If you’re unhappy with your partner’s spending habits, you’re not alone. One in five people in a relationship think their partner is bad with money, making them 10 times more likely to break up in the future.*
So, what’s your plan, then? Do nothing and see what happens? Or take a few steps to get on the same financial page with your partner?
While there’s no one right way for couples to handle their finances, here are some things you can do to potentially repair some damage and get on the right financial track moving forward. Together.
1. Have Open and Honest Money Talks Regularly
When it comes to a relationship’s financial success, being on the same page with your spouse is kind of a big deal. The truth is, they might not even realize they’re bad at money until you talk to them.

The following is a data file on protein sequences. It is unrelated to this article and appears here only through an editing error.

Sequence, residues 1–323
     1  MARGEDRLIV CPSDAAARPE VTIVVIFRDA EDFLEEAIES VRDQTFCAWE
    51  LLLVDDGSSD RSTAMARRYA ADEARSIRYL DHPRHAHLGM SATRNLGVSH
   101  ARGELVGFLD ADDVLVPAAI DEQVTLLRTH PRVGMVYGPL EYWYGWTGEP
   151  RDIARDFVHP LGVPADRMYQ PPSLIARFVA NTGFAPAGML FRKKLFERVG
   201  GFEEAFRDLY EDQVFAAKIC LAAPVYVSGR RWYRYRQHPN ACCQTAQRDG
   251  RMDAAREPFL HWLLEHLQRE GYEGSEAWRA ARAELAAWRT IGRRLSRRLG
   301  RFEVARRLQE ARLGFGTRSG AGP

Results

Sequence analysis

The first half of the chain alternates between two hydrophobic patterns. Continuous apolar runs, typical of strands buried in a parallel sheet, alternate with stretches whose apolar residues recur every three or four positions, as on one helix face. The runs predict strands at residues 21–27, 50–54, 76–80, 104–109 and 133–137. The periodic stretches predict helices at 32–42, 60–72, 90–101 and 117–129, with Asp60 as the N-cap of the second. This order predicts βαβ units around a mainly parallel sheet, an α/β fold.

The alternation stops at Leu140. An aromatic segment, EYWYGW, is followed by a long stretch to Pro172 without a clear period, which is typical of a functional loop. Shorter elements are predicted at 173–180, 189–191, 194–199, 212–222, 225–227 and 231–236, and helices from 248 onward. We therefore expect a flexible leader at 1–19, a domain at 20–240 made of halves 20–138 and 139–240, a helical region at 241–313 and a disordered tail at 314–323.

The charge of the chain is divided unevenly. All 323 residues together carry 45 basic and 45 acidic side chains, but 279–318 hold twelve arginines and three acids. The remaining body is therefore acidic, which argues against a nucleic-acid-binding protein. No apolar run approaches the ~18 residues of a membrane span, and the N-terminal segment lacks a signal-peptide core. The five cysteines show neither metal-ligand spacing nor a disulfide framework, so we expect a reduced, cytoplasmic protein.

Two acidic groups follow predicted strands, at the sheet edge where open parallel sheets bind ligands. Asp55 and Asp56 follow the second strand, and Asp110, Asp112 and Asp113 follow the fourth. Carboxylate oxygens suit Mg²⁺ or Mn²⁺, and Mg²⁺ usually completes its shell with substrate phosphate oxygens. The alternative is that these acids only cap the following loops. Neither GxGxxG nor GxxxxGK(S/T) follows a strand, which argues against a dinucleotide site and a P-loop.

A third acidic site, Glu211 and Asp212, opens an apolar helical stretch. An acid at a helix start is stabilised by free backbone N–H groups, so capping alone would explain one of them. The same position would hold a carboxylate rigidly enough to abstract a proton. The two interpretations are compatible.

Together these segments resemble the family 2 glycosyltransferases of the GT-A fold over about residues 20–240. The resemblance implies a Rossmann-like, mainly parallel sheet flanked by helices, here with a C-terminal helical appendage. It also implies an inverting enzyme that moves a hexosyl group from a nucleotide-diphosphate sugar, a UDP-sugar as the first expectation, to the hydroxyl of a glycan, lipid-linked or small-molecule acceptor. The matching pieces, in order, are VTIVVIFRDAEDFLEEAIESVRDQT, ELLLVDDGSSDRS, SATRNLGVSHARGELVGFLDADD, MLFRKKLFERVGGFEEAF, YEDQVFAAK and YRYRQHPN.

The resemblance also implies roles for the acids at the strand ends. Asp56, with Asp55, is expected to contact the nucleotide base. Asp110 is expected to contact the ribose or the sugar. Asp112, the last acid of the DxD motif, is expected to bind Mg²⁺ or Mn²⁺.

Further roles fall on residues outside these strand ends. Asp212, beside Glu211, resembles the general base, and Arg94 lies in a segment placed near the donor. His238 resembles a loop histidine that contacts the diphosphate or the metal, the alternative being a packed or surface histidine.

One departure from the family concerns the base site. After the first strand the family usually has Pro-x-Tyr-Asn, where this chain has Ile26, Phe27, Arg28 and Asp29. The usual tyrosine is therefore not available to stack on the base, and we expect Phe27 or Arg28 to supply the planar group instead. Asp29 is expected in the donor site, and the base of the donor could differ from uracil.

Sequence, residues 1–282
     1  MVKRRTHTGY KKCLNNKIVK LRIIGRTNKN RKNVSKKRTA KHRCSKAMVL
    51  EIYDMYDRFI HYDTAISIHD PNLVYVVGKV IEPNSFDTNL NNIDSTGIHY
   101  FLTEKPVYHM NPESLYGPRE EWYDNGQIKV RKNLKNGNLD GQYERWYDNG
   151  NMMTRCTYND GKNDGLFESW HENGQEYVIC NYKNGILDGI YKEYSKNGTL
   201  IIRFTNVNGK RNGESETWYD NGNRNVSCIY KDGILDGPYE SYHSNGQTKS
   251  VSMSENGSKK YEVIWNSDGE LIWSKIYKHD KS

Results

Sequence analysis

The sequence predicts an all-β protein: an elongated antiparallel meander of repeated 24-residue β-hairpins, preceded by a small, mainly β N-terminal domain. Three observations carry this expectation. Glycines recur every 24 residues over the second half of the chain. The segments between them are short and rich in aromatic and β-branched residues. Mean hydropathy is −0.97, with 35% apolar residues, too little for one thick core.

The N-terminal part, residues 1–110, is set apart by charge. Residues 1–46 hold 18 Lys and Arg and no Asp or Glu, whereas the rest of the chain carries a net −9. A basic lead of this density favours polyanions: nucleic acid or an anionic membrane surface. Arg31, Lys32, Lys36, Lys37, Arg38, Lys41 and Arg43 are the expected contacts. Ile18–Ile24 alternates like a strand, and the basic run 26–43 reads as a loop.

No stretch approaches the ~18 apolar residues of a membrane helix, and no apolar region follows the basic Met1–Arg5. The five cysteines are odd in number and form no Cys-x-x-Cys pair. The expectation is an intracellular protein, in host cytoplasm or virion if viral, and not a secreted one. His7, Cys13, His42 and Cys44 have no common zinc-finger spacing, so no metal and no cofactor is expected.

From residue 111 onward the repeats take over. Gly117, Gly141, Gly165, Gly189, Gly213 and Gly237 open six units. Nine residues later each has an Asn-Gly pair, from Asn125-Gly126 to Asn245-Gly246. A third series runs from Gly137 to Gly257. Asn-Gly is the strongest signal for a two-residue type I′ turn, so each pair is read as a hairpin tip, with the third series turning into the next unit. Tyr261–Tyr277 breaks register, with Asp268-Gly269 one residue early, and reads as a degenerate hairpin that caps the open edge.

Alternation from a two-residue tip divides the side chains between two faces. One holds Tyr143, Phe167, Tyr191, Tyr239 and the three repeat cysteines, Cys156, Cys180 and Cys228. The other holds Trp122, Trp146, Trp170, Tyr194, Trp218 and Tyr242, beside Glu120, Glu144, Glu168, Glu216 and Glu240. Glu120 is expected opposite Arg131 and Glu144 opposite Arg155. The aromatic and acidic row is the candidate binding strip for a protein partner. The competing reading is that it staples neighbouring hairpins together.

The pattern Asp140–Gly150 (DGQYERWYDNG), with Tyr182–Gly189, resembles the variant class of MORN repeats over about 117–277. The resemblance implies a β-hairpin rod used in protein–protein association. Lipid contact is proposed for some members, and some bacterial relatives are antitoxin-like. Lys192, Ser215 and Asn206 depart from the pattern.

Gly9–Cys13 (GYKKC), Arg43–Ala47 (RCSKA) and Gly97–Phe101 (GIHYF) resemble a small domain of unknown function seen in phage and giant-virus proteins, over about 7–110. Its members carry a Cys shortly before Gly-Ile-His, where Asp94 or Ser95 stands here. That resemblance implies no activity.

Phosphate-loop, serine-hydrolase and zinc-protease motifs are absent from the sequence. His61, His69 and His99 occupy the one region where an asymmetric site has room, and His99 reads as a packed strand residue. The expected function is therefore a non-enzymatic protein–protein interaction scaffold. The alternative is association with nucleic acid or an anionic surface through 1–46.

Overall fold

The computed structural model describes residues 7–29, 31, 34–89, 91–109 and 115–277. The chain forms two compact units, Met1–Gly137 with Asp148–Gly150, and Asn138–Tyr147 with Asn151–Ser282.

Scheduling regular conversations to discuss financial concerns and expectations will help you and your partner set realistic money goals while avoiding negative surprises. You might even learn that some of your own spending habits need to change.
Yes, if you both aren’t used to talking about money, this will feel a little awkward at first, but it will get easier over time. And, for the sake of your relationship’s long-term health — and maybe more importantly — your own happiness, it will be totally worth it.
2. Ask This Website to Help Pay Your Credit Card Bills This Month
Your credit card company doesn’t really care if it was you or your partner who racked up the credit card debt. It’s getting rich by ripping both of you off with high interest rates — some up to 36%. But a website called AmOne wants to help.
If you owe your credit card companies $50,000 or less, AmOne will match you with a low-interest loan you can use to pay off every single one of your balances.
The benefit? You’ll be left with one bill to pay each month. And because personal loans have lower interest rates (AmOne rates start at 2.49% APR), you’ll get out of debt…